3 uses sexist language (and even then [sic] might come in handy see the referencing guidelines). Also avoid insensitive terminology such as `coloured person when you mean `person of colour or `queer when you mean `homosexual. (xiii) Don't be afraid to ask for help - but do so in plenty of time before the deadline! You might also want to consult the Written Communication guidance which is available on the university web site at Referencing guidelines What is detailed below is one version of the Harvard system of referencing. You need to read, learn, inwardly digest AND FOLLOW these rules on referencing. This is for three reasons - (a) it demonstrates a disciplined approach to your work (academic rigour); (b) it means you won't be accused of plagiarism because you have acknowledged your sources; and (c) anyone who reads your work will be able to follow up on citations which interest them. This is a fairly comprehensive guide, so follow it as closely as you can we would much rather you made an effort even if it is not perfect. NB You may have been taught to reference in a different way from that detailed below, and this may be equally appropriate - check with me. Also remember that staff teaching on other courses may prefer a different style of referencing. A/ In-text referencing ALL sources, whether academic books, journal articles, newspaper articles, material from the Internet etc., must be cited in the main text of your assignment itself. Direct quotations (i) There are two kinds of in-text citation - firstly, a direct quotation, where you use the author's own words in your text and for which the format is as follows: "Sociological discourse claims to be a knowledge of modern society, the mirror of modern society or the social." (Game, 1991: 20). or As Game (1991: 20) tells us: "Sociological discourse claims to be a knowledge of modern society, the mirror of modern society or the social." So the necessary components are author - date of publication (ie, year) of source - page number. (ii) Sometimes you might want to use a direct quotation which isn't taken from the original source - ie, that you have found in someone else's work. Here the format is as follows: 3

4 "A power relationship can only be articulated on the basis of two elements... " (Foucault, cited in Game, 1991: 45). or As Foucault (cited in Game, 1991: 45) tells us: "A power relationship can only be articulated on the basis of two elements... ". Here the format is author - cited in - author of source where you found the quotation - date of publication of THE SOURCE YOU HAVE READ - page number in this source. (iii) You can use dots, as in the Foucault quotation above, to show that you have not lifted the entire sentence from the source that you consulted. NB three dots is sufficient! Also you can use SQUARE brackets if you want to slightly alter the quotation from the way it appears in the source - for example: "[Power relationships] can only be articulated on the basis of two elements... ". The brackets indicate that you have inserted your own words in place of the original author's. They can also be used for additional clarification, as in the following example: After Jon Entine made his accusations [that Body Shop products and policies were not as ethical as they appeared], I decided that we needed to take action as quickly as possible. (Roddick, 1997: 310). (iv) Longer direct quotations (ie, more than about 40 words) should be separated out from the rest of the text. You can also single space long quotations (in a double spaced text) and/ or indent them to make them stand out. (v) If there is emphasis in the original source, you should reproduce it when quoting - for example: "This is not somehow to claim that gender should not be a central concept and object of study for organizational analysis, but that, in constituting it as central, power is being exercised in ways which would repay further analysis... " (Grey, 1995: 50). You can also add emphasis to a direct quotation, but make sure that you indicate that you have added this emphasis - for example: "Thus the new grid of intelligibility is seen as desirable... it provides a more accurate picture of organizations." (Grey, 1995: 49 - emphasis added). (vi) Always remember to use speech marks or some other form of notation to make it clear that certain sections of your argument are direct quotations. (vii) [sic] can be used after a particular word in a direct quotation to mean `so written'; ie, that this is the way that the author worded the original. This is often 4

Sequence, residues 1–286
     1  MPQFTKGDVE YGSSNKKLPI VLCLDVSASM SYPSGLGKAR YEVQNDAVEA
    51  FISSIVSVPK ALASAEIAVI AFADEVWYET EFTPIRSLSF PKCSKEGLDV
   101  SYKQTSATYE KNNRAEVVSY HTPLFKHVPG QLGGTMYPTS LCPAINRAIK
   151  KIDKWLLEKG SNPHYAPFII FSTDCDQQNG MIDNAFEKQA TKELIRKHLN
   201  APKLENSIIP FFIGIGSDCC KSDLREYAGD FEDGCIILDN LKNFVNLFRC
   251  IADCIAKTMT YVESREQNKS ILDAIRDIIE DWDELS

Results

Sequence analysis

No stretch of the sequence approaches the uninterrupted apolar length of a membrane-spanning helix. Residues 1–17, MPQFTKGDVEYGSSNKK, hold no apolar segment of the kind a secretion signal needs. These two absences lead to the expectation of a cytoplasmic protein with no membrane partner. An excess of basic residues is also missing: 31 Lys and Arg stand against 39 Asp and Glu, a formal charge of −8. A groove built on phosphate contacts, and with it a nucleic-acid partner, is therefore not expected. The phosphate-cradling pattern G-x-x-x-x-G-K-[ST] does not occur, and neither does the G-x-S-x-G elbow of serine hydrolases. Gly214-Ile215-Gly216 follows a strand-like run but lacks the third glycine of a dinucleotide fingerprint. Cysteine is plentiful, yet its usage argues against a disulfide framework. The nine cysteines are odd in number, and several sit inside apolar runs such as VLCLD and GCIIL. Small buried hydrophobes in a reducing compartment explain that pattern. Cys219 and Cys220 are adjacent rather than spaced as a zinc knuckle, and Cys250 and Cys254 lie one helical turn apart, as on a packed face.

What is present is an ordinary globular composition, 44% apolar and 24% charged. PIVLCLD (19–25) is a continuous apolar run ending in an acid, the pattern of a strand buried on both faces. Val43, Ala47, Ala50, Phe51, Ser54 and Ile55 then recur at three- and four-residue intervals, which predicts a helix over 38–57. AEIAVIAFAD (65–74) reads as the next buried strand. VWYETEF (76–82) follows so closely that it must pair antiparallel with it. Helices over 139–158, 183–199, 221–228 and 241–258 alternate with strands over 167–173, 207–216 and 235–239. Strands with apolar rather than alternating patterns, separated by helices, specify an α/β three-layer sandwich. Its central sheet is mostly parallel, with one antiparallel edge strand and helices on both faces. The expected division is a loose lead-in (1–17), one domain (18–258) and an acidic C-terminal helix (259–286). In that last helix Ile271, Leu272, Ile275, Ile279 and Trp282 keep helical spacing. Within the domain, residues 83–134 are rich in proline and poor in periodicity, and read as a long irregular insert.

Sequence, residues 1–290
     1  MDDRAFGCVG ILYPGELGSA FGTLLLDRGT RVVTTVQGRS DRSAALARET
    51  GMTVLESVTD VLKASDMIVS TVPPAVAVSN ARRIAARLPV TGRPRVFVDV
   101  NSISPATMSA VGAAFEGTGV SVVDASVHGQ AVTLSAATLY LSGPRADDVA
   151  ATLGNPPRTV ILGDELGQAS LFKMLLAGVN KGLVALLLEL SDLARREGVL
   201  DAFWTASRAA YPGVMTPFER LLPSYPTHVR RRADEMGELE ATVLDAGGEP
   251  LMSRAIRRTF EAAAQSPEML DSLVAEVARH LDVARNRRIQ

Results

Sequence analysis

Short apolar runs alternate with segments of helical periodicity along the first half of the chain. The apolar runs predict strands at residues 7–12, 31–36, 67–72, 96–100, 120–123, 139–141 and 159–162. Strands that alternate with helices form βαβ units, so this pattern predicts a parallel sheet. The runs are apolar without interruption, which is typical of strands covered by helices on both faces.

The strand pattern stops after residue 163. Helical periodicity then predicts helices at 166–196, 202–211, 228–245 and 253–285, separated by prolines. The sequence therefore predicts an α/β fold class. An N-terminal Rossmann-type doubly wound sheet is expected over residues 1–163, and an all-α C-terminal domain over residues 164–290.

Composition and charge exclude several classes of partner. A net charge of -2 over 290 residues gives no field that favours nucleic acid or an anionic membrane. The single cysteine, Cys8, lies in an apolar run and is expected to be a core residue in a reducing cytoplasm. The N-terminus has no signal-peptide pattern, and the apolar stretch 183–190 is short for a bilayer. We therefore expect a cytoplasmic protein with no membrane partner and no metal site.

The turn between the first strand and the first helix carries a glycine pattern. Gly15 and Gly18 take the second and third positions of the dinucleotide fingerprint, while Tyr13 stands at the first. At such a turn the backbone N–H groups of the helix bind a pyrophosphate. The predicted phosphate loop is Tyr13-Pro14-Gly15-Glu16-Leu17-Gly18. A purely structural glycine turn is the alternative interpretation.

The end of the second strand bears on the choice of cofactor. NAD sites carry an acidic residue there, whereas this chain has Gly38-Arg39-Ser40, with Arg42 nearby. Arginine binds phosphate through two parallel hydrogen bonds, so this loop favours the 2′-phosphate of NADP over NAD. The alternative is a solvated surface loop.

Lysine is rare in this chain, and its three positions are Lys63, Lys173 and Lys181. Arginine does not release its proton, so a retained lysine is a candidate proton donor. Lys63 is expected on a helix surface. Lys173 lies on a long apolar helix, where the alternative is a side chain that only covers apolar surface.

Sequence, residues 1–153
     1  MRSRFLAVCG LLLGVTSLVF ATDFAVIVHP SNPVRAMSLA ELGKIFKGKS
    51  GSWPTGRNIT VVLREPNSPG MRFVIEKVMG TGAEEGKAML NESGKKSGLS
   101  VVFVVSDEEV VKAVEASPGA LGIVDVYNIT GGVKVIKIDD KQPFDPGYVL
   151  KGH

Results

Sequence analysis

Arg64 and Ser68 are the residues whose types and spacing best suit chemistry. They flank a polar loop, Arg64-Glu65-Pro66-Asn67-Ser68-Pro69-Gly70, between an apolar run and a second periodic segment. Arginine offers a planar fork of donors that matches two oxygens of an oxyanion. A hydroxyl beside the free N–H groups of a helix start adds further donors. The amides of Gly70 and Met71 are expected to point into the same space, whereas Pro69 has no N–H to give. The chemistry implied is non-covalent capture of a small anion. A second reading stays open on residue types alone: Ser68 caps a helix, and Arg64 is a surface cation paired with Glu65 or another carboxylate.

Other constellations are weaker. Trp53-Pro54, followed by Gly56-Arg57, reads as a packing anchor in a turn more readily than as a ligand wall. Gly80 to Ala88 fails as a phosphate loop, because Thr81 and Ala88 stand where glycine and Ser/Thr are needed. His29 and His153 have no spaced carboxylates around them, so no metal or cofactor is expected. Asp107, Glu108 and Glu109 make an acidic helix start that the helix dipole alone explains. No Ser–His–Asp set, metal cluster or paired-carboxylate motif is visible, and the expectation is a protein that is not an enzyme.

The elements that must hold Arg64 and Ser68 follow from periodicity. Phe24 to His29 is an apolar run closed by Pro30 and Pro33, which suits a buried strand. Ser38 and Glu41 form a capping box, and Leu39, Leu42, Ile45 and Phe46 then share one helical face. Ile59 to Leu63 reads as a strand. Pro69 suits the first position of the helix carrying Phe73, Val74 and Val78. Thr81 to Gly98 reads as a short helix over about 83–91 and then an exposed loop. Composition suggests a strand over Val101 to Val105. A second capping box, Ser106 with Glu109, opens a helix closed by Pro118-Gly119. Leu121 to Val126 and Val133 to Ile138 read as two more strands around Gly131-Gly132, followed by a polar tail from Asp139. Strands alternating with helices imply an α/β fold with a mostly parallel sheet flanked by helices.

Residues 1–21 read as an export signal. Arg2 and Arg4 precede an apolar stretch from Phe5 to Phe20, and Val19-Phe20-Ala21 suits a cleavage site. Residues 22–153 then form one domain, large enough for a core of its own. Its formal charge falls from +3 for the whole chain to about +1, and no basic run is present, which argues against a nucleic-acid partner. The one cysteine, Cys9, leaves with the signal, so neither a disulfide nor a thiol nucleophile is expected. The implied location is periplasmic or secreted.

5 useful, for example, when quoting an author who uses sexist language - such as `he' or `his' when speaking about a manager - to make it clear that these are their words and not yours. `Sic should be italicized and placed in square brackets. (viii) You should also use the author/ date of publication/ page number format when citing the source of any diagrams or tables which you have reproduced from other people's work. Indirect quotations (i) The second kind of in-text citation comes into play when you want to indicate that an idea or a concept has come from another source without using that source's own words ie, where you are SUMMARIZING their thoughts USING YOUR OWN WORDS. You can do this as follows: According to Game (1991), sociologists tend to fall into either the Action or the Structure camp and rarely has a theory combined the two. or Sociologists tend to fall into either the Action or the Structure camp and rarely has a theory combined the two (Game, 1991). If more than one person has come up with this idea, you can string references together, as follows: Many writers have argued that research is inevitably a subjective exercise (Knights and Willmott, 1989; Game, 1991; Knights, 1995). This should be done EITHER in date of publication order (as above) OR in alphabetical order of author. Make sure you stick to one format and use it throughout. (ii) Sometimes you might want to indirectly quote material which isn't taken from the original source - ie, that you have found in someone else's work. Here the format is as follows: As McIntosh (1994) points out, Pateman s discussion of the contract makes extensive reference to prostitution. or Pateman s (cited in McIntosh, 1994) discussion of the contract makes extensive reference to prostitution. NB if the ideas that you are indirectly quoting only appear once in the source, or only in a small section of the source, then it is a good idea to include the page number/s on which they appear, even though you are not reproducing the original words. In this case, the citation (Game, 1991) might become (Game, 1991: 50). 5